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Bally Sports Network offers bill credits after outages

Affected subscribers will need to contact customer service to have the credit applied to their account.

Affected subscribers will need to contact customer service to have the credit applied to their account.

The logo of Bally Sports is seen on a smart television set. (Graphic by The Desk)

Regional sports brand Bally Sports will offer bill credits to customers who were afflicted by multiple widespread outages involving the Bally Sports Plus streaming app last week.

The issue left thousands of sports fans unable to watch live games or other programming through the Bally Sports Plus app, which is available without a cable or satellite subscription in areas where Sinclair’s Diamond Sports Group operates one or more Bally Sports-branded channels.

The glitch impacted live National Hockey League (NHL) and National Basketball Association (NBA) games in areas like Milwaukee, Columbus and Detroit, with fans complaining that the service went down multiple times over five straight days.

In a series of posts on the social media website X, formerly Twitter, officials at Bally Sports apologized for the disruptions, saying it was a “tough week for the fans” and that the company was “actively issuing credits” to subscribers who requested them.

“We are truly working around-the-clock to find a permanent solution and drive further optimizations and stability around our platforms,” a Bally Sports official wrote.

Diamond Sports Group didn’t say what was causing the glitches. But the website Awful Announcing noticed that Bally Sports updated their streaming app to require a separate account through the service itself, even when viewers are authenticating with their cable or satellite credentials. The move appears intended to cut down on password sharing between paying users and freeloaders, Awful Announcing theorized.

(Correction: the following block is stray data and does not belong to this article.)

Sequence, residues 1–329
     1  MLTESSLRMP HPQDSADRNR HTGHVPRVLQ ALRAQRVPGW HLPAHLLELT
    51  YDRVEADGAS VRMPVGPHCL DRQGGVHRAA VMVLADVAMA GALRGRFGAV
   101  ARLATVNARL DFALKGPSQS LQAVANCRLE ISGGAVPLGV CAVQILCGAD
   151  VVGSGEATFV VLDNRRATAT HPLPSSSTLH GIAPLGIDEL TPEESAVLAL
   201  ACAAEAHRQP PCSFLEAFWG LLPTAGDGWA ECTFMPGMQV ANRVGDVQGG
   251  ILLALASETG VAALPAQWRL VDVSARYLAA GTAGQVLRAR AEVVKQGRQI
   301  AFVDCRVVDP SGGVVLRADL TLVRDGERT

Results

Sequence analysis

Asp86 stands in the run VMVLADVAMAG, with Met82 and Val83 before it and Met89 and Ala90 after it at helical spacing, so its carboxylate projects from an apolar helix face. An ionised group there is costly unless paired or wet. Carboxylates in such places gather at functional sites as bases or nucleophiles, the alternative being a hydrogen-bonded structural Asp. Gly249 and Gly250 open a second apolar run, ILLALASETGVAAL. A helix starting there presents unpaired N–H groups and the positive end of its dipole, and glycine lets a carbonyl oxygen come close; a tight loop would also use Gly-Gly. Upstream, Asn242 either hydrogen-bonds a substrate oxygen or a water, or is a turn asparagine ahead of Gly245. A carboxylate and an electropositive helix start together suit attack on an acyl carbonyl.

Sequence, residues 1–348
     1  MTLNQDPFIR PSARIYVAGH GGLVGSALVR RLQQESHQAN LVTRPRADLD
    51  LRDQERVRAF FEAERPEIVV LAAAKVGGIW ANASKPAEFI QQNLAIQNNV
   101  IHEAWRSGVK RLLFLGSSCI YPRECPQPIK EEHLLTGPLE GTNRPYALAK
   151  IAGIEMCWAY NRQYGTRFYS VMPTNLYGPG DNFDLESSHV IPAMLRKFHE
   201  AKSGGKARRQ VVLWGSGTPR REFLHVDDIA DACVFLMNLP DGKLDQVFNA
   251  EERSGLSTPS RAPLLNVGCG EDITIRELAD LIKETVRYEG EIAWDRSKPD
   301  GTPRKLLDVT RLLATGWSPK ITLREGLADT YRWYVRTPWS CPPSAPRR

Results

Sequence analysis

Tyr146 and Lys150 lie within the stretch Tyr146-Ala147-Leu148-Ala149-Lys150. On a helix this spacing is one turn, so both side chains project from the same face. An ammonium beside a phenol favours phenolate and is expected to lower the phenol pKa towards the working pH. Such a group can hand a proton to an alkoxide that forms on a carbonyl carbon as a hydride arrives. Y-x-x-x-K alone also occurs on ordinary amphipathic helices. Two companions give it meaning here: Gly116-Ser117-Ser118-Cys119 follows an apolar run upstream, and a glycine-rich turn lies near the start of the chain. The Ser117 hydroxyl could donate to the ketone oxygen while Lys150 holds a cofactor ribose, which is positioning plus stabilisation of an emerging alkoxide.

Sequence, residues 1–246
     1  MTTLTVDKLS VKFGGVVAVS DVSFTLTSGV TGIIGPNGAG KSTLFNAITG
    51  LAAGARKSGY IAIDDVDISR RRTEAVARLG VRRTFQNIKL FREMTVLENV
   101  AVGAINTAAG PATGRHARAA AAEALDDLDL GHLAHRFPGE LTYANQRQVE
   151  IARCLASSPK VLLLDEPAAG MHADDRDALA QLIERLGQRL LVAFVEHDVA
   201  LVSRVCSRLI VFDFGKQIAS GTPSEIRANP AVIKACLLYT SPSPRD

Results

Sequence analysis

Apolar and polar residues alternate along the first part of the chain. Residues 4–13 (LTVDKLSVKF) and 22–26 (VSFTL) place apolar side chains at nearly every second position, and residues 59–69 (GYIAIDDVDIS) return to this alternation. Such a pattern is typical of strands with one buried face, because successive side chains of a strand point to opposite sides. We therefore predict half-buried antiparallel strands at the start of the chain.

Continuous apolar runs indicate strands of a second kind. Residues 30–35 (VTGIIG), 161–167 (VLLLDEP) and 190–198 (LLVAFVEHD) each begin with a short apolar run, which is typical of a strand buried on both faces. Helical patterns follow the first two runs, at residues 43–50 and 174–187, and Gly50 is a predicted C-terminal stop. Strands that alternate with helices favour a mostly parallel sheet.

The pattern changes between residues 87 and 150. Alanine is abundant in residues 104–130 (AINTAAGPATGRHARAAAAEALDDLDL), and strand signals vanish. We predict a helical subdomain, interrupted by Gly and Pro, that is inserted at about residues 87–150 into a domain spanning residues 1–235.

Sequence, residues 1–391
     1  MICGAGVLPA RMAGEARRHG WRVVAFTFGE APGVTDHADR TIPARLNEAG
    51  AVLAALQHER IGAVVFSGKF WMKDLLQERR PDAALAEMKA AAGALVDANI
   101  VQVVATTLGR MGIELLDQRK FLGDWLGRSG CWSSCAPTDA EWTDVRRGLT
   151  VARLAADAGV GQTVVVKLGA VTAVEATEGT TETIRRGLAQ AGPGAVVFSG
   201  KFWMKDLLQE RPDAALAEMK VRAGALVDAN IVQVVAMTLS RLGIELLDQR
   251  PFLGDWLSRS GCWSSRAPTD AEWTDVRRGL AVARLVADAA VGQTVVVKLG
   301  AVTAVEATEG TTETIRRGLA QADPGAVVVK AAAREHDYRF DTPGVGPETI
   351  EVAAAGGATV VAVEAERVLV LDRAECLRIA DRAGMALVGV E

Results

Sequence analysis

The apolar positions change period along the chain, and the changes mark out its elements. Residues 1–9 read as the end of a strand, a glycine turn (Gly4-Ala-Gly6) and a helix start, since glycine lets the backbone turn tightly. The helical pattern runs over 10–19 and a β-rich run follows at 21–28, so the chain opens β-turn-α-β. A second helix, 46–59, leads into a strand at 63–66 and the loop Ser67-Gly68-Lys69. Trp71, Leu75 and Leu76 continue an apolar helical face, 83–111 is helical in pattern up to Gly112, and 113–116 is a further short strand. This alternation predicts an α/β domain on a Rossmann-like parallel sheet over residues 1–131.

The outages come as Diamond Sports Group is still working through its Chapter 11 bankruptcy case that was filed earlier this year. Some of its regional sports channels have since been closed, with programming moving to broadcast outlets and other streaming services.

On Thursday, the New York Post reported Sinclair was interested in acquiring Diamond Sports out of bankruptcy for around $850 million, or a fraction of the company’s $10 billion-plus purchase price that Sinclair plunked down to acquire the once Fox Sports-branded networks from Disney several years ago.

The acquisition would almost certainly need the approval of the federal bankruptcy court, which is working through various plans to address more than $8.6 billion that Diamond Sports owes to its various creditors. Those creditors include U.S. Bank ($1.6 billion), Dolan Broadcast ($77.2 million), DirecTV ($40.1 million) and the Arizona Diamondbacks baseball team ($30.8 million).

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About the Author:

Matthew Keys

Matthew Keys is an award-winning journalist with more than 10 years of experience covering the business of television and radio broadcasting, streaming services and the overall media industry. In addition to his work as publisher of The Desk, Matthew contributes regularly to StreamTV Insider and KnowTechie, and has worked for several well-known news organizations, including Thomson Reuters, McNaughton Newspapers, Grasswire, Comstock's magazine, KTXL-TV and KGO-TV. Matthew is a member of IRE, a trade organization for investigative reporters and editors, and is based in Northern California.

Email: [email protected] | Signal: 530-507-8380